After a big storm there is usually a mess, and some reconfiguration of the landscape, as old landmarks are destroyed and new ones appear. Finding a path through the mess, and rebuilding connections with the wider world, is the first step in recovery. The storm of the last several years has indeed reconfigured the Anglican world. Realignment of a kind has come, along with a big mess. Significant numbers of conservatives have decamped to the Anglican Church in North America, Anglican Mission in the Americas, and other churches. Globally, the Communion has become a patchwork of churches in varying degrees of division or fellowship with each other. It is a bit of a mess, really.
The majority of theological conservatives remain in the Episcopal Church, and often in its larger and more evangelistically vigorous parishes and dioceses. As they emerge from the storm’s aftermath, just what sense are they making of the new landscape? And what pathways are they clearing to rebuild connections to the wider Church?
To hear what some of these conservatives were saying, I attended the recent Communion Partners conference in Orlando, Florida. Communion Partners began in 2008 as a fellowship of bishops, and quickly become a fellowship of rectors as well. Conservative in theology, committed to the Windsor Process, supportive of the Anglican Covenant, determined to maintain ties with the Anglican Communion, critical at times of the Episcopal Church’s leadership and policies, these leaders accept that they will need to take the long view and work for the renewal of the Episcopal Church. It is a new group with a low profile. But to judge from the enthusiasm of the Orlando meeting, we shall be hearing a lot more from it.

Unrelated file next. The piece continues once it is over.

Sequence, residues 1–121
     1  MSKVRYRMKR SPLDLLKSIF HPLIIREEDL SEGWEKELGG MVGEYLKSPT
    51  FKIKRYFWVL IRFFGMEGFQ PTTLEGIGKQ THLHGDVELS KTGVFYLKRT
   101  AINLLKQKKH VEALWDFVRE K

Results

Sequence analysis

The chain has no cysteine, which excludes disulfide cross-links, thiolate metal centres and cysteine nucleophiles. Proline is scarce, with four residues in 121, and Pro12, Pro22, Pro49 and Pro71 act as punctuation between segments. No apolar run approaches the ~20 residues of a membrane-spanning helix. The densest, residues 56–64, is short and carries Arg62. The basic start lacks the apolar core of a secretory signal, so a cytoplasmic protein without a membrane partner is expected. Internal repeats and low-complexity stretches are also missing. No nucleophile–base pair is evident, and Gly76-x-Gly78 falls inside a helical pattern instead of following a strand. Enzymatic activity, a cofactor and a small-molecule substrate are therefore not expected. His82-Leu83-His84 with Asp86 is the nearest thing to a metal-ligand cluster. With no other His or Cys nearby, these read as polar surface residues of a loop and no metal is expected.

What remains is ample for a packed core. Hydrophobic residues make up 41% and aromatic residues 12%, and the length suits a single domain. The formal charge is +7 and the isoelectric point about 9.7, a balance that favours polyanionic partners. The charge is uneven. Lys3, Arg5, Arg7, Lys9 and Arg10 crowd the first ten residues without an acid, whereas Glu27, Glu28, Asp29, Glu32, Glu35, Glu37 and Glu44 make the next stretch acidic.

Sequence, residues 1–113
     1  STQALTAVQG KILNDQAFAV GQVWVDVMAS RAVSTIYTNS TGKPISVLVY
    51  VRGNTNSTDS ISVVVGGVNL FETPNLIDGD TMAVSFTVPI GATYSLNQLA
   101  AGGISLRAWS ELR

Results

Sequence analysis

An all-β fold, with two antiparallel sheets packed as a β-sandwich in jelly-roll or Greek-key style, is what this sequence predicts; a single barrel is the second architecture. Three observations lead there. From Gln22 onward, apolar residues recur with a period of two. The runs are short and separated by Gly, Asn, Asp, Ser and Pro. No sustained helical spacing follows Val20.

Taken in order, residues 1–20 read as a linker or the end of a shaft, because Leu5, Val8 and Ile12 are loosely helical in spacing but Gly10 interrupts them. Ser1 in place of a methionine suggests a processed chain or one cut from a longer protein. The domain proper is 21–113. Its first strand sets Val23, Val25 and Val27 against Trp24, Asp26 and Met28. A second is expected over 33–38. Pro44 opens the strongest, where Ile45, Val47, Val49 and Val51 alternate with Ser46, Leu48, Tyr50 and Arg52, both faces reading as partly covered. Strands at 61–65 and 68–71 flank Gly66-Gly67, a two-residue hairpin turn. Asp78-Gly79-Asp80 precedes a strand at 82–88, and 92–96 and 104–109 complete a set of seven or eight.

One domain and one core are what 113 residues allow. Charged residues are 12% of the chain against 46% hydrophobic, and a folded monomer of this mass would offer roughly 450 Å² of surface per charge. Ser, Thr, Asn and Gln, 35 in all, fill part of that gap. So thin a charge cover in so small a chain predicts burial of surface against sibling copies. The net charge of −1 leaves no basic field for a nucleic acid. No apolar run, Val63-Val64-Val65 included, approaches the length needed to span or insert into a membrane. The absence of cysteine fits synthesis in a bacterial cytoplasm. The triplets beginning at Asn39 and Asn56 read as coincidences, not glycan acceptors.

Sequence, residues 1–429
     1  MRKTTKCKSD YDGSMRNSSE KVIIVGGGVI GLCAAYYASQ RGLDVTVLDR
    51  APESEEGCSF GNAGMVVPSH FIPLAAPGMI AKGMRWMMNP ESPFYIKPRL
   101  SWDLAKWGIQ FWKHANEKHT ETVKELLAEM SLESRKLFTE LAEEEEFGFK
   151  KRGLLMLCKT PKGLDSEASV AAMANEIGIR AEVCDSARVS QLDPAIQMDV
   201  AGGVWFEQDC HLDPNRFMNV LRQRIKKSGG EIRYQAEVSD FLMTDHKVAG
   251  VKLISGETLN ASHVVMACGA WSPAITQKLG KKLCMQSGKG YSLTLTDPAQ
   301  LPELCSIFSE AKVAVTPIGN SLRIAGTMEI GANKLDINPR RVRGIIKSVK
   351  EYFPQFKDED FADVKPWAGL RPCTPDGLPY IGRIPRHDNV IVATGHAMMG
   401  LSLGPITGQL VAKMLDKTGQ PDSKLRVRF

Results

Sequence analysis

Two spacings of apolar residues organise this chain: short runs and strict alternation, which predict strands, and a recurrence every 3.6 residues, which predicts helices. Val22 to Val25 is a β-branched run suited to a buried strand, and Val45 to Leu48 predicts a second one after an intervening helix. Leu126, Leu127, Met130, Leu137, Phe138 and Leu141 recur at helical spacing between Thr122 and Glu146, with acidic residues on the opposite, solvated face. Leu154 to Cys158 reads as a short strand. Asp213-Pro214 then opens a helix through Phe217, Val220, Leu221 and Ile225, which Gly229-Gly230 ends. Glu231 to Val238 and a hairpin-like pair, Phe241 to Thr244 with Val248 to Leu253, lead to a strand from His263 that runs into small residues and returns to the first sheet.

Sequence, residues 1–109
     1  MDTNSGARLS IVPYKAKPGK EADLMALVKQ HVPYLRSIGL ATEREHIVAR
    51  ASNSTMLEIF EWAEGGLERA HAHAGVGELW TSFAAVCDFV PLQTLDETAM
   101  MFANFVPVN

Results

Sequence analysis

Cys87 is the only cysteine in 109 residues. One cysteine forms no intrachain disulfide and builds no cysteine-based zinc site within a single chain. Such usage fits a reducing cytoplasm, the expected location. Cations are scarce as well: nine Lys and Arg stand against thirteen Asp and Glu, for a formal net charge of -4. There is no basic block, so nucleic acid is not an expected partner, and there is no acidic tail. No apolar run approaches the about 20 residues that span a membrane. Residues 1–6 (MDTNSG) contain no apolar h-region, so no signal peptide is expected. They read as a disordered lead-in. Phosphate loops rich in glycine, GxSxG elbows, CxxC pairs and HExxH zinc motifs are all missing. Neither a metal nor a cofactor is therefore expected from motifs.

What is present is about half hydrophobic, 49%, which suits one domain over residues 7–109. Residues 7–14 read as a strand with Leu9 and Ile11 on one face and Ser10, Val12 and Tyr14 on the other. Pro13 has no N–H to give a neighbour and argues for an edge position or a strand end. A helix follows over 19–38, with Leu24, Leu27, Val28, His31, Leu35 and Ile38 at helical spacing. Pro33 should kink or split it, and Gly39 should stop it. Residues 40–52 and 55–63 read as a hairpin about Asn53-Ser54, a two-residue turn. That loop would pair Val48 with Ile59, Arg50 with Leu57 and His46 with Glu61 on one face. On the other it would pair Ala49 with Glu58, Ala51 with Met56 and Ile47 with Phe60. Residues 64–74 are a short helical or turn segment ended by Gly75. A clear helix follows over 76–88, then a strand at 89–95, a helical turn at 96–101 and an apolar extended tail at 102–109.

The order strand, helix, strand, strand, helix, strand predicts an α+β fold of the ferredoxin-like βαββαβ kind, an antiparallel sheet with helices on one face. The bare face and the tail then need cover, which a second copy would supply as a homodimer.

For longtime Anglican Richard Harding, switching to the Catholic church feels like coming home.
Last month, Harding and other members of the St. John the Evangelist congregation in Calgary became the first Anglican parish in Canada to accept an offer from the Pope to rejoin the Catholic church.
Harding said they are excited about the change.
Only two members of the parish in Inglewood, one of the city's oldest neighbourhoods, voted against the move and a few others abstained.
But some, including the congregation's former priest, have decided not to switch, so the move is bittersweet.
"There is a bit of sadness. This is a very sobering step and is a serious step, but it is a positive one," said Harding, who has worshipped at St. John for more than 20 years. "Every new beginning is a goodbye to some of the past."
The congregation decided to leave a church that has been their spiritual home for all of their lives for varied and complex reasons.
Anglicans split from Rome in 1534 when the pope refused to annul the first marriage of England's King Henry VIII to Catherine of Aragon.
From Northern California-
Chocolate flowed from a fountain, was baked into cakes and was rolled into round balls and covered in nuts or coconut.
What money was raised at St. Stephen's Episcopal Church on Sunday — from the public tasting such decadent treats — will go to care for the needy.
"We've been doing this for so long, it just sort of organizes itself," said Chocolate Festival Chairwoman Sharon Zwald. "Everyone always seems to know just what they have to do."
About 150 people attended the 15th annual Chocolate Festival on Sunday.
Volunteers lined up to dish out dozens of desserts, eating featuring chocolate as it's star ingredient.
The festival, which includes a silent auction, raises about $5,000 each year, said Secretary Brenda Herrod.
"We got the idea from a chocolate festival on the coast," Herrod said. "The congregation donates the dishes, and all the money goes to charity."
From Austin- (video at the link)
One Austin man has such a passion for music, he's choosing it over everything, even a home.